Tufts is #24- So What?

- Allison Goldsberry

We all love rankings. We all love “top ten” or “top 100″ or “top whatever” lists. They give us guidance. They validate our stubbornly held opinions. They are nice, neat cheat sheets that help us make decisions- or justify them- in a complicated world.

It’s a difficult, emotional decision to figure out where to go to school. List creators know this, and there are plenty of school rankings out there take advantage of college selection angst by compiling so-called definitive lists of the best schools.

Forbes.com recently presented its own list. What is unique about this list is it focuses on “output” rather than “input”; where students go and what they do after graduation as opposed to what got them into college.

The Forbes ranking takes into consideration student satisfaction, loan debt, salaries, and graduation rate, among other factors. While some of these measures are subjective, and some are a bit misleading, it is certainly a step in the right direction to focus on what students get out of their education post-college rather than comparing SAT scores and GPA’s.

Which brings us to Medford’s own Tufts University. Tufts is ranked 24th on this list, not too shabby but not exactly eye-popping, either. Harvard is ranked 8th, MIT 10th. What does this even mean, and does it even matter?

I’m a Tufts University graduate and will be attending the Harvard Graduate School of Education in the fall. I can honestly say with a straight face that rankings don’t mean much to me. I chose both schools because of the programs they offered and the value I got for my money. I received financial aid and have taken out student loans to pay for my education, and know I’m lucky I’m able attend these schools. I also know if the cost to attend them would put me in substantial debt I wouldn’t be able to go.

Cost and debt are the most significant factors in choosing a school, and Forbes is at least trying to demonstrate this in its latest ranking. We need to consider what we can realistically afford, what jobs will be available upon graduation, and how much debt will be incurred. Student loan debt has surpassed credit card debt in America, and the economy is still pretty lethargic. If things don’t change, if schools can’t demonstrate a more favorable “output” instead of bragging about all of their “input”, then lists like Forbes’ will get shorter and shorter.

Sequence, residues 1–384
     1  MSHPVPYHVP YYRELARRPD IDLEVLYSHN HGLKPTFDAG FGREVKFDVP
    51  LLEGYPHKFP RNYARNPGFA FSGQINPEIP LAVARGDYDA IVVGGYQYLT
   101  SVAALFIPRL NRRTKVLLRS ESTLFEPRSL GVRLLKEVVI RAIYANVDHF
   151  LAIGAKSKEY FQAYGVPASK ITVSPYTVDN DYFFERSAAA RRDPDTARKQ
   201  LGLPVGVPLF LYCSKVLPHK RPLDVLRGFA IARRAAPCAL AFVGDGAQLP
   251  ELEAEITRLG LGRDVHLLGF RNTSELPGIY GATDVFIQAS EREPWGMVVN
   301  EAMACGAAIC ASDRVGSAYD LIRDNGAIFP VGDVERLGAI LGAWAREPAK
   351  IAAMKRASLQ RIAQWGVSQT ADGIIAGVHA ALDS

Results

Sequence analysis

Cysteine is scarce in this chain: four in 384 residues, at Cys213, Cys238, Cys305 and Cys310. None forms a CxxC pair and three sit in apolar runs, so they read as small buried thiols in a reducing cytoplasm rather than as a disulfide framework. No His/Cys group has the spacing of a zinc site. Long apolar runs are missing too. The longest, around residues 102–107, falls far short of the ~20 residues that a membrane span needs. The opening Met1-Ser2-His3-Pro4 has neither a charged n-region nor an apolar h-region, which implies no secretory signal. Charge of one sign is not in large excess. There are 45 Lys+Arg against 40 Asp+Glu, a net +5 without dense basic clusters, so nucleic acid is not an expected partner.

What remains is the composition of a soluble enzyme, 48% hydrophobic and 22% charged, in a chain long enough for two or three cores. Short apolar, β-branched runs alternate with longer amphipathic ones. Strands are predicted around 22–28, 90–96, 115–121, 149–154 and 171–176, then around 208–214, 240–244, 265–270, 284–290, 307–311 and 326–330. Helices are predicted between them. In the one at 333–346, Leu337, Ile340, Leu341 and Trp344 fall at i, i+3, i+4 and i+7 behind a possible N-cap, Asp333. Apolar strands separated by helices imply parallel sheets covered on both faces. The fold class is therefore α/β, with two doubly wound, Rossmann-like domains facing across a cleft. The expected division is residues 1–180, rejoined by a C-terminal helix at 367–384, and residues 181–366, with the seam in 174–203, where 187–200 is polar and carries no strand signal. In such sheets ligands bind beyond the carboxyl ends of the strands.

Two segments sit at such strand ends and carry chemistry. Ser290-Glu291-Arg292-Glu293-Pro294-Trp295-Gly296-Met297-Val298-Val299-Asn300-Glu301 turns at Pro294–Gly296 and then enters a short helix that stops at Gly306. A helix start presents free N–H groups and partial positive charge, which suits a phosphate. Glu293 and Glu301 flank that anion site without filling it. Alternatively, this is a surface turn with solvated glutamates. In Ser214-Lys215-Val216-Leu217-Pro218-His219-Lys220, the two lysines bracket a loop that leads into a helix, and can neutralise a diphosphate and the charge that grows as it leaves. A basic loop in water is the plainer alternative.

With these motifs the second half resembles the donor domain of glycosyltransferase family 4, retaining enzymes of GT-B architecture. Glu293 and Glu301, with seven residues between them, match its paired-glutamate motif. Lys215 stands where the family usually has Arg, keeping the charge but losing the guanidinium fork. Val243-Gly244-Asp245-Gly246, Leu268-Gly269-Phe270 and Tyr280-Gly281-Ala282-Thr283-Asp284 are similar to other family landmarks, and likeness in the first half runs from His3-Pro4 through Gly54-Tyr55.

I personally think Tufts deserves a higher ranking. Tufts is a top contributor to the Peace Corps, which no doubt hurt its ranking on the salary scale. The school imbues a sense of active citizenship into all of its students, and many leave with hopes of changing the world in some capacity, and not necessarily with hopes of making six figures as soon as possible. Many students choose jobs for social change over say, investment banking.

The Forbes list also doesn’t capture the affect of a student’s socioeconomic status on college choice and educational outcome. Many low income students don’t even consider attending top schools, even if they will qualify for significant financial aid, because they are never encouraged to apply. Wealthier students that attend more exclusive, and usually expensive, schools not only have the means to attend these schools, they also have the financial support to help them survive after graduation. As much as we like to consider America a land of rags to riches, there is much less social mobility than we think. Wealth usually begets wealth, and the reverse is also true.

There is hope that rankings that focus on post (rather than pre) college success of students will lead to a much better understanding of a school’s real value.

This entry was posted on Thursday, July 25th, 2013 at 8:06 pm and is filed under Opinion, School Notebook. You can follow any responses to this entry through the RSS 2.0 feed. You can leave a response, or trackback from your own site.

Be the first to leave a comment.

Leave a Reply